A top Republican alleged Sunday that the Obama administration made diplomatic security decisions based on optics rather than the need to protect U.S. personnel in the Middle East.
House Oversight and Government Reform Committee Chairman Darrell Issa (R-Calif.) made the charge when discussing his panel’s probe of the Sept. 11 attack this year on the U.S. Consulate in Benghazi, Libya, that left U.S. Ambassador Christopher Stevens and three other Americans dead.
“We are going through a ‘mission accomplished’ moment. Eleven years after September 11 , Americans were attacked on September 11  by terrorists who pre-planned to kill Americans. That happened and we can’t be in denial, particularly when there are compounds all over the Middle East that need to be legitimately protected at a level that security professionals ask for,” Issa said of the attack in Libya.
The “mission accomplished” comment is a reference to former President George W. Bush.
In 2003, Bush announced the end to major combat operations in Iraq and “one victory” against terror while standing beneath a banner reading “mission accomplished” aboard the USS Abraham Lincoln.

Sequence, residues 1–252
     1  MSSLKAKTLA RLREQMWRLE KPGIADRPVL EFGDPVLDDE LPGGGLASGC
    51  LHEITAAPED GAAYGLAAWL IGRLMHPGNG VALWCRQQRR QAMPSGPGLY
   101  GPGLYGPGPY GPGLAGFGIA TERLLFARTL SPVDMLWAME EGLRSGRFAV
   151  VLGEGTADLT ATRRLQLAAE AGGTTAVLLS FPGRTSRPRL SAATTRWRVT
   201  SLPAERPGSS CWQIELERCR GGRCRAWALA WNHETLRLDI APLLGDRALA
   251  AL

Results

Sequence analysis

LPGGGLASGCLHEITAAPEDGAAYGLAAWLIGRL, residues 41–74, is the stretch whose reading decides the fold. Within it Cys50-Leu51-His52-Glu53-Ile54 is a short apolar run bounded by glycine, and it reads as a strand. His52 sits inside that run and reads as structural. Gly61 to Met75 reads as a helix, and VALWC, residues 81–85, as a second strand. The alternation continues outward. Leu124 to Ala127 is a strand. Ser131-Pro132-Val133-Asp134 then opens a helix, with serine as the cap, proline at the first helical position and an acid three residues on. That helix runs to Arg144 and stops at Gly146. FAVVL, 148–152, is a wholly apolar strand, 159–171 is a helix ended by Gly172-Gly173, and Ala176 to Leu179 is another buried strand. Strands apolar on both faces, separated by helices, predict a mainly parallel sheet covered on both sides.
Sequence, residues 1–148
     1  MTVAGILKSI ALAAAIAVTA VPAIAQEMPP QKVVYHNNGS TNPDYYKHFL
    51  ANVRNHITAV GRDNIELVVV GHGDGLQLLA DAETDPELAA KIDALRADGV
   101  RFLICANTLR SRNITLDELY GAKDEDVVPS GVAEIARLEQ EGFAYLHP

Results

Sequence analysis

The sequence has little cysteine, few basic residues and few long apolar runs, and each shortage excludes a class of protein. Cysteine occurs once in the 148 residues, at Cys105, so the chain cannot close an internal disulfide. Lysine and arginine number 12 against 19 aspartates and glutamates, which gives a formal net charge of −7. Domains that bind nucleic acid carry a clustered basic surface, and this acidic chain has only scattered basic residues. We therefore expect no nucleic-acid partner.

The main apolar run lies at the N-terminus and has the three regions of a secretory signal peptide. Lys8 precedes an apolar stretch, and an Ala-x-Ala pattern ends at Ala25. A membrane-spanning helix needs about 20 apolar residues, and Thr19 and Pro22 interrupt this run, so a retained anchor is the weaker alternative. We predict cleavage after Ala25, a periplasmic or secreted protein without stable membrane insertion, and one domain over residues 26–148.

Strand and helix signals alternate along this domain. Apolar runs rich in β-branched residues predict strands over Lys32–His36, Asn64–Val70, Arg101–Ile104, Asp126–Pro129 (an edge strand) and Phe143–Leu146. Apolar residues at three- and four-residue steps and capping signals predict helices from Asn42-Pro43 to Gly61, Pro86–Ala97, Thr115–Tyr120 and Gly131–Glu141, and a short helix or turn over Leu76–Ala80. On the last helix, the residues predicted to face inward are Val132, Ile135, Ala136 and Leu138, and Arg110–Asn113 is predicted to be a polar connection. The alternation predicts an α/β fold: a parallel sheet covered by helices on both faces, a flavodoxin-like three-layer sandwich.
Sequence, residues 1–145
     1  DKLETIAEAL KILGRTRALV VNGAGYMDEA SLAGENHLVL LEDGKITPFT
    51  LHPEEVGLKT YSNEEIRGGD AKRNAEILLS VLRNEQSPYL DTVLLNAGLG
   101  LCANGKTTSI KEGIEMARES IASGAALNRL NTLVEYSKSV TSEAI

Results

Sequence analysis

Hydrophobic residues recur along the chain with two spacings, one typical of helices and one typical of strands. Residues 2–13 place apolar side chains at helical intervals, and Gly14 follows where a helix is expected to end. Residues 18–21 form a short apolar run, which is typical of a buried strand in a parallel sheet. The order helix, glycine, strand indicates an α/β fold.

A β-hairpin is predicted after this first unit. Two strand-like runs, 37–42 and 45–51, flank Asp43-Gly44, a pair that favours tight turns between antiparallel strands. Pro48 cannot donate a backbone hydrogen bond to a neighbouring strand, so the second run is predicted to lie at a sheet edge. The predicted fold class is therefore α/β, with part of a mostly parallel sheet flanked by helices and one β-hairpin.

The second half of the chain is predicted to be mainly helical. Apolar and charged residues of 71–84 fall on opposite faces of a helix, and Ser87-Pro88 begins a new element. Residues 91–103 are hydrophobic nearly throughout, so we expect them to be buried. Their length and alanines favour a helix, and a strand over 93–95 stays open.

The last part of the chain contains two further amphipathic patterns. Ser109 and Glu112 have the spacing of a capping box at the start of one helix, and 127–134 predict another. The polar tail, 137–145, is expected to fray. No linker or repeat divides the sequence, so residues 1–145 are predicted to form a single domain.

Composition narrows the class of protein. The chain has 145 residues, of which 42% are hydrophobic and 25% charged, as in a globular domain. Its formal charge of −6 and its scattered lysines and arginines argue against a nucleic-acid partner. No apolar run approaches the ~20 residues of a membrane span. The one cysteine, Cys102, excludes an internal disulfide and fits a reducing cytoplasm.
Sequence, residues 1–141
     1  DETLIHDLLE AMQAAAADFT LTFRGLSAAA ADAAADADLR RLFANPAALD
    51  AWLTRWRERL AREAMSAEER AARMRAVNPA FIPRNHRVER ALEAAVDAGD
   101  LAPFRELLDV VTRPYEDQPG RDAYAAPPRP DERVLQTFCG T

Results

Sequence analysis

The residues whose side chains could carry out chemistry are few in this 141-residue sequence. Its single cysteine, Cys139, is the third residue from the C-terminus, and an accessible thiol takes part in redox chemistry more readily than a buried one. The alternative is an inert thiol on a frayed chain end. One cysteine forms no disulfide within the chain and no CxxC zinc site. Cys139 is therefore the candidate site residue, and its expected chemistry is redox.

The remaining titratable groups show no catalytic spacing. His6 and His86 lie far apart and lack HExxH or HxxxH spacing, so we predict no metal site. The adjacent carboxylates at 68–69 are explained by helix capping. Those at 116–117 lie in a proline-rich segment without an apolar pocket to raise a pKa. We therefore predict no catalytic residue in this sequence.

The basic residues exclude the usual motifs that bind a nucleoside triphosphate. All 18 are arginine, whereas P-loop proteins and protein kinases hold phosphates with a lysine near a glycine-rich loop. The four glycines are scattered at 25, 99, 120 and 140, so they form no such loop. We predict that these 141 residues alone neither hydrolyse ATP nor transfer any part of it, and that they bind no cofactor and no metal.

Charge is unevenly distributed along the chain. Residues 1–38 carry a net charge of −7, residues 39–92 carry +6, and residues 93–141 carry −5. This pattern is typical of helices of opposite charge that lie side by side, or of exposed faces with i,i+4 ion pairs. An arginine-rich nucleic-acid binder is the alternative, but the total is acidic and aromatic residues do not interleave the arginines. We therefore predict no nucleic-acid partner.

The now-infamous banner became a political embarrassment as the security situation in Iraq deteriorated in subsequent years.
Issa last week convened a House hearing where State Department officials said requests for additional security by U.S. personnel in Libya were denied. The White House, though, says those denials came from the State Department and that the president and Vice President Biden were not told of the calls for heightened security.
Democrats have touted Obama’s record on foreign policy, including the winding down of wars in Iraq and Afghanistan and the killing of Osama bin Laden. The Benghazi attack, however, has created a political firestorm for Obama, with GOP presidential candidate Mitt Romney and fellow Republicans accusing the administration of downplaying terrorism risks abroad.
On Sunday Issa said that after the election he plans to lead a congressional delegation to meet with security officials in a number of countries “to hear what they feel they need and, and if there needs to be supplemental money, of course Congress would respond.”
“If security professionals are giving the warning that they need more security, that they need to change how we do business diplomatically in the region, and that is not being heard, than it isn’t just Ambassador Stevens who is now dead, it is everybody who works throughout the Middle East is at risk if we cannot get the security level right,” Issa said on CBS.
Issa’s on Sunday also indicated that he wants U.S. Ambassador to the United Nations Susan Rice to testify. Last week, Issa said he wanted a new briefing on Libya from senior administration officials. The California lawmaker has said the White House needs to better explain why they initially blamed the Benghazi attack on anti-U.S. anger sparked by a film criticizing Islam.
Senior officials later said they believed the attack was instead a preplanned assault.